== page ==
By GORDON GLANTZ
GORDONVILLE — Bob Dylan, writer of so many amazing overt and covert political/protest songs, was asked to name what he believed to be his most powerful statement.
The answer was not “Masters of War” or “A Hard Rain’s Gonna Fall.”
Instead, he was rather nebulous, leaving it blowing in the wind, stating that his most political songs may be his love songs.
He then added that everything is political.
I took that to heart, holding it near and dear as one of my personal 10 commandments.
So whenever the rightful issue of statehood for Puerto Rico and Washington, D.C., is brought up, which it has been a lot lately, all the logical reasons why — such as that pesky little “taxation without representation” thing (some D.C. residents even have it on their license plates as a form of protest) — it gets real political real fast.
Let’s just say it has Republicans seeing red, as it is an idea of it being tangled up in blue.
A whole lot of it.
Two new states would mean four new senators, with the high probability of them being all Democrats, thus tipping the scales of social justice in what many of us believe is the right direction.
It would also mean more congressional districts, mostly blue, and the slow build toward the end of gerrymandering that has put a stranglehold on swing states like Pennsylvania and Florida.
That seems like a dirty trick to tip the senate, and it will be sold to right-wingers and centrists as such, but actually it is the right thing to do.
And — as in love and war — all is fair in politics.
If the need were to arise, citizens from both territories could not avoid serving in the military (unless they have bone spurs). Those from Washington, D.C., pay the same taxes as we do, and Puerto Rico’s residents pay some taxes depending on if they are a federal employee or a business owner.
The voting scenario, as currently constructed, heavily favors the Republican party and keeps the Senate within a swingable margin every election.
That would fine if only it represented the actual national population, but situations where states like Montana and South Dakota have the same number of senators as California and New York is, as Mr. Spock would say with one eyebrow raised, highly illogical.
How much traction, for example, would even a symbolic common sense gun control law have if smaller and more rural states didn’t have equal votes on issue favored by the majority of Americans?
Residents of D.C. have voted overwhelmingly for statehood, and why wouldn’t they? It would provide residents with full representation in Congress, as opposed to what they have now — paper tigers called congressional delegates (as it stands now, Congress can run interference in D.C.’s local laws that don’t typically fall under congressional jurisdiction for other states).
It is a completely unfair scenario in which its residents pay federal taxes but have a muted voice in the legislative body that sets those tax rates. They point to numerous situations where local laws for marijuana policy, gun control and combating HIV/AIDS were interfered with by Congress.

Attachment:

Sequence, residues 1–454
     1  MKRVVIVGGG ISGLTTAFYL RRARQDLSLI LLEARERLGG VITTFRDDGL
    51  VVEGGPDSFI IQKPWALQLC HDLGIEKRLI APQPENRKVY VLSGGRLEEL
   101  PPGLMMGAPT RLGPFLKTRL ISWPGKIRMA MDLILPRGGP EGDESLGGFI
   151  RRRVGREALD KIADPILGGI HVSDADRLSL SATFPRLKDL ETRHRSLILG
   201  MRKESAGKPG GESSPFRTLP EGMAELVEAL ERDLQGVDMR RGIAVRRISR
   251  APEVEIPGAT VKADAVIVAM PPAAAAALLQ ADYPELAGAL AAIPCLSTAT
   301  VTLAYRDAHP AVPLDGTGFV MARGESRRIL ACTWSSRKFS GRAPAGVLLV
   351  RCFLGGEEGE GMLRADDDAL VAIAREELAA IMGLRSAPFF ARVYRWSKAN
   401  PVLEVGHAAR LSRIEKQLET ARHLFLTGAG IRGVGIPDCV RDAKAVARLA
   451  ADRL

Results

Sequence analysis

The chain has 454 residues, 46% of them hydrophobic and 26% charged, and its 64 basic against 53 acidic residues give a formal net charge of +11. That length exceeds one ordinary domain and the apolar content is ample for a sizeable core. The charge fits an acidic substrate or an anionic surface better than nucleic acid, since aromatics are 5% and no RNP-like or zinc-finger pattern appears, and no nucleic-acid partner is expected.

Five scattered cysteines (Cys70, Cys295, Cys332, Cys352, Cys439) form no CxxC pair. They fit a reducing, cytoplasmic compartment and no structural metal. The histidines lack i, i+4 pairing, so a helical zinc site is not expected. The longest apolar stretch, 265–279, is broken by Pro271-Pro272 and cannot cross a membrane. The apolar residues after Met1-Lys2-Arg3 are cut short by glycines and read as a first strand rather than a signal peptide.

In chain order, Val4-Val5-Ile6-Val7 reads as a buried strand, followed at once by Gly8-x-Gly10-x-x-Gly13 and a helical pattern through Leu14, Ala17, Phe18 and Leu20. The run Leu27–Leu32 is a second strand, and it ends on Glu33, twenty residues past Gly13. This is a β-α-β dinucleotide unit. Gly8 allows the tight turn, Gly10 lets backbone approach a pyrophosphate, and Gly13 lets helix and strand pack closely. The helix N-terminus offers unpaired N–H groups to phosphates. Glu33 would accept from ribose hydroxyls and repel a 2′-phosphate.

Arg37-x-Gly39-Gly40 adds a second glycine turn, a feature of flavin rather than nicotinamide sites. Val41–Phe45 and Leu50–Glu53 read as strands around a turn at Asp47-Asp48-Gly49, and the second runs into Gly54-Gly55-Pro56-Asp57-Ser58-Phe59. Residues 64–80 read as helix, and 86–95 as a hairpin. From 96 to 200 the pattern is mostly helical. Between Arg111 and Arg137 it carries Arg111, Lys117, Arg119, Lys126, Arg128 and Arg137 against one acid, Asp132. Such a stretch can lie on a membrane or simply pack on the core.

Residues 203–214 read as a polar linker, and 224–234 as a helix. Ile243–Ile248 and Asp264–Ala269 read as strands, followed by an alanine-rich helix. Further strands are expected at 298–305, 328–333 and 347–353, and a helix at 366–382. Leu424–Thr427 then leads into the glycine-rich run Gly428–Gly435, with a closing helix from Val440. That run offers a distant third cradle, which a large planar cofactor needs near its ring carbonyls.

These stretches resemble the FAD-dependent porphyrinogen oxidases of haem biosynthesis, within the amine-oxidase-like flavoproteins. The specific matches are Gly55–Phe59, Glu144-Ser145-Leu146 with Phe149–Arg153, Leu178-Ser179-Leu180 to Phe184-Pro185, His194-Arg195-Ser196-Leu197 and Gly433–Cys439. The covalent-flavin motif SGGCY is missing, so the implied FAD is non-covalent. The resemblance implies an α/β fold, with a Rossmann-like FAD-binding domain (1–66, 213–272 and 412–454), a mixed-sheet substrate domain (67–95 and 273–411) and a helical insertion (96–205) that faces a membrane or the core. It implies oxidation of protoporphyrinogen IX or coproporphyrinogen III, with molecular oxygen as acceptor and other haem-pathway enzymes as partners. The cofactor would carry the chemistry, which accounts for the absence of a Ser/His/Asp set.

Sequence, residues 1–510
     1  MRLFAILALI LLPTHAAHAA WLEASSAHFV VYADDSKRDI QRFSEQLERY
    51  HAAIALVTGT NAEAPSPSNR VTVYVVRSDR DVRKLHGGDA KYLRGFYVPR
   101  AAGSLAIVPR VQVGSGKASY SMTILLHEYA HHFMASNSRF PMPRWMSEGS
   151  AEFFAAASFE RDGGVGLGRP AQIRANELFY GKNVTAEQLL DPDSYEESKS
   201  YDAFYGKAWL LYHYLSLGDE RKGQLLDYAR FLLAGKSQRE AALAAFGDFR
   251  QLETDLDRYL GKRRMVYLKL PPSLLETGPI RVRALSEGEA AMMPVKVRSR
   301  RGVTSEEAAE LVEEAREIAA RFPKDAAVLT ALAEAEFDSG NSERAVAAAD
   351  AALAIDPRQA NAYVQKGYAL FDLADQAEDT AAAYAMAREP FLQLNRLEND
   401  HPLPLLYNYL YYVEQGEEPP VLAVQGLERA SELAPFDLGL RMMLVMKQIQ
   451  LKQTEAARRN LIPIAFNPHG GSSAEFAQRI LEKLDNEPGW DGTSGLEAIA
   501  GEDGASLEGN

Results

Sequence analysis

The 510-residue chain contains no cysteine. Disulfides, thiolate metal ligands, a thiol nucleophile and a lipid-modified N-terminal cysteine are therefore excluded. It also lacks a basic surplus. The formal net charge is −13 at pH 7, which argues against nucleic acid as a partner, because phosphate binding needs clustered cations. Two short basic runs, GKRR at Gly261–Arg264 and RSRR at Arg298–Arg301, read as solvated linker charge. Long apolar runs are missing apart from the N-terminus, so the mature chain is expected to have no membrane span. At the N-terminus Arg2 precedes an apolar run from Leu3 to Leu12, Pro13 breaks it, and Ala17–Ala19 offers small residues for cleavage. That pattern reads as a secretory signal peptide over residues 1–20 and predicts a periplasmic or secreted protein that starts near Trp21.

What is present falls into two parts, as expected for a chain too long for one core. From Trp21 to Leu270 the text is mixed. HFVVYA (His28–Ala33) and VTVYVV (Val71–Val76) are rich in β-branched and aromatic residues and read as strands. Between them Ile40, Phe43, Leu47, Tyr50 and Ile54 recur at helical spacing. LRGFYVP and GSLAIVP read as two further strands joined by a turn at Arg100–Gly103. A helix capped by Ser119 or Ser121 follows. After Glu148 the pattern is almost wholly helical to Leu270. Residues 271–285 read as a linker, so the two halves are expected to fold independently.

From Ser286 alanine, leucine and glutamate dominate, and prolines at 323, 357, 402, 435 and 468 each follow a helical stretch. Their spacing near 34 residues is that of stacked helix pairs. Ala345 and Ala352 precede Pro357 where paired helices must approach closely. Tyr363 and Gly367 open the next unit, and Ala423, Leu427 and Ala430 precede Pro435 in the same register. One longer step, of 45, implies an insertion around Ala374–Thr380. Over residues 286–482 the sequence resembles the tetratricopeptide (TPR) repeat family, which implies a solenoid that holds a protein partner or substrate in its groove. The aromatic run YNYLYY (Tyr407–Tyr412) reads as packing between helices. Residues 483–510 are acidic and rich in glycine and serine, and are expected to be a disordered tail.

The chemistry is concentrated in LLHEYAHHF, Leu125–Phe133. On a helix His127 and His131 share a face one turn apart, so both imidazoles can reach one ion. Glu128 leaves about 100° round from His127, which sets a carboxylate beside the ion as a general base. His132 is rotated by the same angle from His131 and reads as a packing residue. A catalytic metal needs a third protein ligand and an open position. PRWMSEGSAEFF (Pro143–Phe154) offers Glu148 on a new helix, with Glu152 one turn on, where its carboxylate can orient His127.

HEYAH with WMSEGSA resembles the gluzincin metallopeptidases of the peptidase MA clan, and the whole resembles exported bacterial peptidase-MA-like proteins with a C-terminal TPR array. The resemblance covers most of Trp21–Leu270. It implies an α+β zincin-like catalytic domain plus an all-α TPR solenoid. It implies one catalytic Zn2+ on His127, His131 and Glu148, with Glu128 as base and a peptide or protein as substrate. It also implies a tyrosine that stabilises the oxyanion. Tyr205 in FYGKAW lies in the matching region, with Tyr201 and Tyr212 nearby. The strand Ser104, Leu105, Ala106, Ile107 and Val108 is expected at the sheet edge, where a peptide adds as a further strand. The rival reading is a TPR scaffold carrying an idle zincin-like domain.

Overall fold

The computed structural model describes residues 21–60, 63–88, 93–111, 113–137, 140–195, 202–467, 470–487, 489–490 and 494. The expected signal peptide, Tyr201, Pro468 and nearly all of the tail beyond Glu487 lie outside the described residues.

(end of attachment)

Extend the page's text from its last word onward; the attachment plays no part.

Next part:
The arguments against it — having to change textbooks (in an era of computer learning, it’s barely an issue), it’s not what the founding fathers wanted (yawn) — pale in comparison.
In terms of Puerto Rico, the gesture would be the least we could do after the abhorrent response there was in the wake of Hurricane Maria in 2017.
It immediately raised questions as to why a territory without true political clout and power would get second-class treatment after a natural disaster, and it put the island’s history as a territory under the microscope.
Unlike D.C. residents, those in Puerto Rico — under U.S. colonial rule since 1898 — are not even able to vote for president.
Residents call it “The Island,” but it is nothing but a colony under the rule of a nation that turned its colonies into states when it broke free from British rule after the Revolutionary War.
With approximately 3.2 million new citizens in Puerto Rico, and close to 700,00 in D.C., we would suddenly see Republicans thinking twice about the arcane and absurd electoral college that left us with two of the poorest excuses for presidents in the modern history.
Puerto Rico would be the 29th most populated state, with four to five representatives in Congress and six or seven electoral votes. D.C., which currently has three electoral votes, would be 50th, ahead of Wyoming and Vermont (and barely behind Alaska and North Dakota).
Putting it in more local terms, to show the disparity, just Philadelphia alone would be the 40th most populated state and have two senators voting for cheese steaks as the national food.
Adding Puerto Rico and D.C. as states would not be some crazy socialist idea – as Mitch McConnell told some non-journalist on Fox News – as we all know, he would be the first in line if the shell were on the other tortoise.
The reality is that this not some revolutionary idea. Every 50-60 years, U.S. territories were accepted into the union as states.
I started elementary school in 1970 – the year “Bridge Over Troubled Water” was on the radio and “Airport” was in drive-in movie theatres – and can remember American flags that still had 48 stars on them (Alaska and Hawaii became the 49th and 50th states in 1959, 60 years ago).
So, it’s not really time to just think about it.
It’s time to do it.
This column ran in The Times Herald on July 22, 2019.